Governor Hutchinson said yesterday that he plans to call a special election to fill the Arkansas House of Representatives District 9 seat left vacant by the death of Rep. Sheilla Lampkin (D-Monticello). Hutchinson said he expected the election to coincide with the Nov. 8 general election. The district covers much of Drew and Ashley counties.
LeAnne Pittman Burch, a recently retired brigadier general in the U.S. Army Reserves, has said she’ll seek the Democratic nomination for the seat. Burch, of Monticello, is also an attorney for the Arkansas Department of Human Services.
A full release announcing her candidacy:
Retired brigadier general and attorney LeAnne Burch to seek nomination for District 9 state representative
LeAnne Pittman Burch, a recently retired brigadier general in the U.S. Army Reserves and Arkansas Department of Human Services attorney, today announced that she would seek the Democratic nomination for Arkansas House of Representatives, District 9.
District 9 includes approximately two-thirds of both Drew and Ashley counties, including Monticello, Hamburg, and most of Crossett.
“Today I am officially throwing my hat into the ring to represent the people of District 9 and build upon the legacy of our friend, Rep. Sheilla Lampkin,” said Burch. “Her work in the Arkansas House of Representatives has impacted countless individuals throughout the communities of this district, and I humbly hope to continue that work by bringing my knowledge and experience to the job as our next state representative.”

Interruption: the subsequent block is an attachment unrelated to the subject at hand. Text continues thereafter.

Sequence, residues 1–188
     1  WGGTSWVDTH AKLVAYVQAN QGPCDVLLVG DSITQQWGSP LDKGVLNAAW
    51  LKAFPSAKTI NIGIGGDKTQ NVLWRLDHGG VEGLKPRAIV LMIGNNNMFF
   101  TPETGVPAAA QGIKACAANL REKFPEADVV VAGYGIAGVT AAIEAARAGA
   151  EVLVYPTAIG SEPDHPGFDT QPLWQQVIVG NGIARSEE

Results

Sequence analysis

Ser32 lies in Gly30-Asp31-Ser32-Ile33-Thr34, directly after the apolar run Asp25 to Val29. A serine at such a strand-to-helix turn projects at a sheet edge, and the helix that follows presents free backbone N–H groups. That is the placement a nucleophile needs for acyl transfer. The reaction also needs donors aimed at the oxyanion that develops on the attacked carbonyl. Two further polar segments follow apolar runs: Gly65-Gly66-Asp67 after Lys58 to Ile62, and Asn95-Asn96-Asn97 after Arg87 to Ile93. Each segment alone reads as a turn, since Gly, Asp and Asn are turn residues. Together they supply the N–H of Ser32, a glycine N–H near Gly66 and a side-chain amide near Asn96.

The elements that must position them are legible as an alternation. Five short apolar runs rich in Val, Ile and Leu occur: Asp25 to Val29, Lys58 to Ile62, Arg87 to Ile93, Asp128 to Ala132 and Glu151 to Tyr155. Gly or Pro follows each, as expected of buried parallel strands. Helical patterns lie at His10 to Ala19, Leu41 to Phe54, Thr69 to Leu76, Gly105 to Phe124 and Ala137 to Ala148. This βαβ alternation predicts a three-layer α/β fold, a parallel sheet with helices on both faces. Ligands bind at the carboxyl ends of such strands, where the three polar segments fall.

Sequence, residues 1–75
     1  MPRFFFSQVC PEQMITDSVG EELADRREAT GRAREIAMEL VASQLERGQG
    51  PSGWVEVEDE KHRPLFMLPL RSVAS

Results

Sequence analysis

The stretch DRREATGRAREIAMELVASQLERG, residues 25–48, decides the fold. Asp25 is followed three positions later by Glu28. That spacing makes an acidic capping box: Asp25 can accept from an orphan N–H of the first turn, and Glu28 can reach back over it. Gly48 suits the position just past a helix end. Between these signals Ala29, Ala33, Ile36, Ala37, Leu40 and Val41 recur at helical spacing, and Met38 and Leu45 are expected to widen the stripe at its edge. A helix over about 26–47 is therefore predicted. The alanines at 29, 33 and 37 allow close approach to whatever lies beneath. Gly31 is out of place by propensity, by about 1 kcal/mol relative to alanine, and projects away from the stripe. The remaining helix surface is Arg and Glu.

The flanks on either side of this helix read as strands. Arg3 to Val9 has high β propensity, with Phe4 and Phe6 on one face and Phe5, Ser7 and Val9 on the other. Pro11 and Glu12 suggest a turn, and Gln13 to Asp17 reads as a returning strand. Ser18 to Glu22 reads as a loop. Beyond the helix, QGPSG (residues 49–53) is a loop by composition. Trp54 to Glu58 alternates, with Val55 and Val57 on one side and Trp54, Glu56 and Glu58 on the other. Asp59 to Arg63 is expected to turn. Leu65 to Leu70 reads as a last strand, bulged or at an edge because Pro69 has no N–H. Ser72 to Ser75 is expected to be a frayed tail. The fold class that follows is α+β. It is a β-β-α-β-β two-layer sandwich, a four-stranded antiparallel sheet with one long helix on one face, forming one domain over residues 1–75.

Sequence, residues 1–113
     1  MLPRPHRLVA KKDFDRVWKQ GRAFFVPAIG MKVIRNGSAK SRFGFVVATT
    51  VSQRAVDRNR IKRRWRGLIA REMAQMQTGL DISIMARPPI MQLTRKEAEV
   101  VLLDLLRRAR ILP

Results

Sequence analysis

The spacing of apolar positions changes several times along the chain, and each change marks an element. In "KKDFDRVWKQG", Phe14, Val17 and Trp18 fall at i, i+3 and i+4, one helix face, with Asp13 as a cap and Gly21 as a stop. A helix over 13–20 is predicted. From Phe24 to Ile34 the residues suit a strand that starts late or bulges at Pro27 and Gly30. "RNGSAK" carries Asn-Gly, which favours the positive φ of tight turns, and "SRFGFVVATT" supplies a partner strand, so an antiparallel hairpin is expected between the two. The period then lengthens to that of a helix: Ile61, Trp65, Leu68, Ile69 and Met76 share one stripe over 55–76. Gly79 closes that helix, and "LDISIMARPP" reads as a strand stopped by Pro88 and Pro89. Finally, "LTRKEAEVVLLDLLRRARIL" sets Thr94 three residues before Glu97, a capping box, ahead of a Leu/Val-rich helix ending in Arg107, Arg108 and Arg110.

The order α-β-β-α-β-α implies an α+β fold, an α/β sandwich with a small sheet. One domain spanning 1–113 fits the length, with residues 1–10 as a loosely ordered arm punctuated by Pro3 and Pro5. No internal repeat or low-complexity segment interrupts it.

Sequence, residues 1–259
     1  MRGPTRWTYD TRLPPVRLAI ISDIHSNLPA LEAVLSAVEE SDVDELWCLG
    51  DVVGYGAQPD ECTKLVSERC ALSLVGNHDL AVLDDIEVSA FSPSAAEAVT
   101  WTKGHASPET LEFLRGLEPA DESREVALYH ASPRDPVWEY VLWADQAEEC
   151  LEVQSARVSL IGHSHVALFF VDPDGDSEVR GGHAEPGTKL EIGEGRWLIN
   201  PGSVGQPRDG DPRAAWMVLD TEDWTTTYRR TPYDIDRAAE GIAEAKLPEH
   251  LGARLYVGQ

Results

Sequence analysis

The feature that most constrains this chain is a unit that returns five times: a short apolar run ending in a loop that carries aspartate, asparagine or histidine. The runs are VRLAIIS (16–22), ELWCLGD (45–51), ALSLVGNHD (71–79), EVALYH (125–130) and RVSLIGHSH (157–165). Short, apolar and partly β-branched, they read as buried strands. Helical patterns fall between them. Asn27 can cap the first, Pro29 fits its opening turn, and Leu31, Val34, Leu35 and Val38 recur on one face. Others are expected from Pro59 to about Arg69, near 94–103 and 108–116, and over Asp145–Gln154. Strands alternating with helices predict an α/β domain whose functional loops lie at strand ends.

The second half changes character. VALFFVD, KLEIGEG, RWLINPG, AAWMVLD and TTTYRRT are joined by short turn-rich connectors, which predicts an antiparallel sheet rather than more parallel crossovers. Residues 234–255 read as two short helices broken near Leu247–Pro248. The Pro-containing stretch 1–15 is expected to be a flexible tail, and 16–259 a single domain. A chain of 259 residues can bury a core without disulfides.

Burch, of Monticello, is a lifelong resident of south Arkansas who spent 30 years serving as both an active and reserve soldier. During her career she held numerous leadership posts and served deployments that included Bosnia and Afghanistan, capping it off by serving as Commander of the U.S. Army Reserve Legal Command, a unit of more than 1,700 legal professionals serving around the world. In May of 2016, Burch retired at the rank of Brigadier General in the U.S. Army Reserves.
In addition to her military service, she also found a calling in helping children and families in need as an attorney with the Arkansas Department of Human Services, a position she took after transitioning from active duty to reserve duty when she returned home to Monticello with her late husband, US Army Major and Monticello native Bobby Burch, to take over his family’s dental practice.
“Our small corner of the state is big on potential,” said Burch. “From our entrepreneurs to our academics, we have the ingredients for community and economic success. However, in our effort to move this district forward, we must take care to ensure that the most vulnerable are not left behind. If nominated and elected state representative, I pledge to fight to ensure that everyone has access to the tools needed to grow and succeed.”
Burch has one daughter, Katelyn Burch Busby, an attorney, and son-in-law William Busby, both of Monticello, and a son, Dr. Trey Burch, a physician and U.S. Army Captain stationed in San Antonio, Texas.